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Meet the New Subversives
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Meet the New Subversives


Editor’s note: The Left is adept at creating more foot soldiers for its misshapen legions. Their goal is the same as always: the destruction of the once hegemonic cultures of the West. The article presented below entitled “Meet The New Suffragettes” is set to appear in the February 2018 print issue of Vogue, high fashion’s flagship magazine. It is yet another bizarre battlefield in the ongoing culture war. The piece features an article and accompanying video that documents the purported trials and tribulations of politicians Stella Creasy and Sophie Walker, artist Gillian Wearing, webzine founder Liv Little, trans awareness campaigner Paris Lees, blogger Dina Torkia, and writer Reni Eddo-Lodge.  

For a disparate group of women who all seem to claim privileged victimhood status, they have done quite well for themselves. There is a false equivalency being made between these women and the force-fed, hunger striking Suffragettes of one hundred years ago that gained partial enfranchisement for women in Britain by way of the Representation of the People Act 1918. We are living in an inverted reality whereby claims of victimhood status opens the gates to ever higher levels of privilege, which have ironically been made possible by the very nature of Western Civilization itself. Please enjoy this example of subversive Leftist self-satisfaction and self-deception. Mundilfury.

One hundred years since women were first granted the right to vote, a new kind of suffragist is rising. In the February issue of Vogue, Eva Wiseman meets seven influential females fighting to empower women in the battle for equality that rages on.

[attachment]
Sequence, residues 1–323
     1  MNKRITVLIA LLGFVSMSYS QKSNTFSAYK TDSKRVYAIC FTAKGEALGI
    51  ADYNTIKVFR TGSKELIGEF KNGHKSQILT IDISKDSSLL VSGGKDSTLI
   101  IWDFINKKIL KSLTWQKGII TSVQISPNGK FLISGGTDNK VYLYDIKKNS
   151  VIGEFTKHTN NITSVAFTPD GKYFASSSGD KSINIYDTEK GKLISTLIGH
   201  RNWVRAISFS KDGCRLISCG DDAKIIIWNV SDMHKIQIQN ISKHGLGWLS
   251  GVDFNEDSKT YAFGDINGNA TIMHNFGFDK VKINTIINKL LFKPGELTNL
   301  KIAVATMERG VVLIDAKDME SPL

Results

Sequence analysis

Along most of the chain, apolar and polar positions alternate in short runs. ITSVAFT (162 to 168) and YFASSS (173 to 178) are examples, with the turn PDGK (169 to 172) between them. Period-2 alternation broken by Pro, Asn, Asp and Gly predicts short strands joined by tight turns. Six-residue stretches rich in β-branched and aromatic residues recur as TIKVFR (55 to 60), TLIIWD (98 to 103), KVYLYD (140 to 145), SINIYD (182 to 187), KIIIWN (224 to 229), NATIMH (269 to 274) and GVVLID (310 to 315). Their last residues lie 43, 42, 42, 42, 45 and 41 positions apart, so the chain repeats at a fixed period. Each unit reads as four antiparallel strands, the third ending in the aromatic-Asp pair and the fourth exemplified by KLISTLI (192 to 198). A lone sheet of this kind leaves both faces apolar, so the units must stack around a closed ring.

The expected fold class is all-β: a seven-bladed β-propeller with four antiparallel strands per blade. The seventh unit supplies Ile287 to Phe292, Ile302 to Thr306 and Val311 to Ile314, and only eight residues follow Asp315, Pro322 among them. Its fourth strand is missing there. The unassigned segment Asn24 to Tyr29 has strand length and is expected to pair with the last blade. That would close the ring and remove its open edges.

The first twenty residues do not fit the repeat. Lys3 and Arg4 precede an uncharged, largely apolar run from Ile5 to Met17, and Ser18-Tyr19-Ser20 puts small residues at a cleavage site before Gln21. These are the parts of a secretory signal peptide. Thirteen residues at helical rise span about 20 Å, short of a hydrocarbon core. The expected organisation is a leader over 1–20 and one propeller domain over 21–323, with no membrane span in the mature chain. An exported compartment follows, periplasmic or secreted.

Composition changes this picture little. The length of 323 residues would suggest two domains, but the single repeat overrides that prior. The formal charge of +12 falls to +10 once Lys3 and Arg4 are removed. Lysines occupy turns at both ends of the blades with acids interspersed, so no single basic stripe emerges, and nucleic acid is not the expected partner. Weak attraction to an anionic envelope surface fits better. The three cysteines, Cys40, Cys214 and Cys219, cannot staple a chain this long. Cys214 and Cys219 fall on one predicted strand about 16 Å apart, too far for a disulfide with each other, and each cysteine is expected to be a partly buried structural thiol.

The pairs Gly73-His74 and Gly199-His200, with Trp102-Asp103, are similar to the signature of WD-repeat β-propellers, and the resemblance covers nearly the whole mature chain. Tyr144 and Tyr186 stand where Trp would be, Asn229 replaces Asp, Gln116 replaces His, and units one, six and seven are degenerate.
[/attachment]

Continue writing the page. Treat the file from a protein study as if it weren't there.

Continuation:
Politicians Stella Creasy and Sophie Walker join artist Gillian Wearing, gal-dem founder Liv Little, trans awareness campaigner and journalist Paris Lees, blogger Dina Torkia and writer Reni Eddo-Lodge for a unique portrait by Julia Hetta and a Vogue video in which they explain what equality means to them, the changes that would improve the lives of women and what the next hundred years will hold.

“There’s definitely a Mean Girls-style Burn Book in politics – patriarchy isn’t gendered – but the way we talk about other women is important," Labour MP Creasy tells Wiseman in the interview accompanying the portrait. "Women should be believed, because coming forward about harassment is hard. I see the pressure to close down the debates, to say systems are in place, but if so, they’re not working. I’m the anti-Sheryl Sandberg. For me, it’s not about leaning in, it’s about building an army. Progress can happen. My mistake was thinking that it would be easy… Women are set up to fail. We can never be thin, curvy, clever, kind enough. But I’m impatient to change the world.”

On her soon-to-be unveiled statue of Millicent Fawcett in Parliament Square - the first woman to stand on a pedestal there made by the first woman to create one - Wearing said: “Fawcett was all about dialogue. And it worked – she spent six decades getting women the vote. But it took a lot of work! The Guerrilla Girls campaigned, and people kept counting, compiling statistics over 10 years. Now Maria Balshaw is running the Tate, things should change further. The hard thing today is overcoming the psychology – this prejudice goes deep. We need to change people’s inner stereotypes of women. And, that’s harder than fighting for the vote.”


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